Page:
As for gaming, that’s been going more or less okay since my last post here, and the games themselves have been about as much of a mixed bag. I beat Disgaea 3; the ending was all right, though since learning that the sidequests are as grindy as expected, I officially put it down not long after. Before that, I went back to and finally beat Legend of Dungeon, using a class I hadn’t given a second thought to before; it’s still not at version 1.0 yet, but I’m just glad to be done with a second roguelike/like this year. Speaking of which, I took up Spelunky again and made quite a bit of progress, though it will be a long time until I actually beat it.
In addition to continuing on with Bravely Default and picking up Dance Dance Revolution SuperNOVA 2 again, that about wraps it up for February. Moving on to March, the first game I beat this month was the hot new release Firewatch. It is a beautiful and (mostly) well-crafted game, though a little bit of a victim of its own hype. The story is not mind-blowing but still decent; the save system leaves much to be desired; and the characters, music, and so forth were well done; but the real star in this game is the environment. Firewatch is set on a small parcel of US National Park land, and each little area within is distinctive in many ways. Aside from the climbing rocks (which are especially gamelike in a certain part), the wilderness here feels like a real place, and is easily the best thing about Firewatch.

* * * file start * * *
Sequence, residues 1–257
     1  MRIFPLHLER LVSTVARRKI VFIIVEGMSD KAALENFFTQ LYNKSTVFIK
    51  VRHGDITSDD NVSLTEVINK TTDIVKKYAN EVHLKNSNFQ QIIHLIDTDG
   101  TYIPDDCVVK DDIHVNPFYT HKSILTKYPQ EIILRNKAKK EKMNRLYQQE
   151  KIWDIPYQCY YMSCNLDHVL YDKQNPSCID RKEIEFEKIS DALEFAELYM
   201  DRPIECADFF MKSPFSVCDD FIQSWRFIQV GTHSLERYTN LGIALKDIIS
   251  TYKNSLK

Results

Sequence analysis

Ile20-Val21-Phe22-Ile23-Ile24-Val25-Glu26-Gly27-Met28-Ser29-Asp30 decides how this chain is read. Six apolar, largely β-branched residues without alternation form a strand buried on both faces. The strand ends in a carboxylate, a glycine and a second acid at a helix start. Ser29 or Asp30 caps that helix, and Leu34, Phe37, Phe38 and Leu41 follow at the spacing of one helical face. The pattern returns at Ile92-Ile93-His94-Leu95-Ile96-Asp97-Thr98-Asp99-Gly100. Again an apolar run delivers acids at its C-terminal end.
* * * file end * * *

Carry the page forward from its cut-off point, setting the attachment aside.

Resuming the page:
This was not, however, the first game I started in March. That honor goes to Pokemon Blue Version, which, along with Red and Yellow, came out on the 3DS Virtual Console on the date of the series’ 20th birthday. Pokemon’s first generation is the only one I hadn’t played in some form, and, given how pricey original cartridges of that gen and its remakes can be, was one I hadn’t planned on ever playing until the Virtual Console announcement was made. I’m currently up to three gym badges and am not far from getting the fourth. It’s been interesting to see the roots of the series: the Pokemon, items, gyms, HMs, and all the other little things one becomes accustomed to seeing in the games. Some of the things that were different were just as surprising; for instance, most of the Pokemon don’t have listed genders, nor is the indicator for whether or not you’ve already caught a certain type present. The player character’s rival is also far more obnoxious than they would be in later series entries, and there is also a greater emphasis on filling up the Pokedex. In general, it’s all still both fun and tedious in its telltale ways; twenty years on, the core of what makes Pokemon Pokemon hasn’t changed much.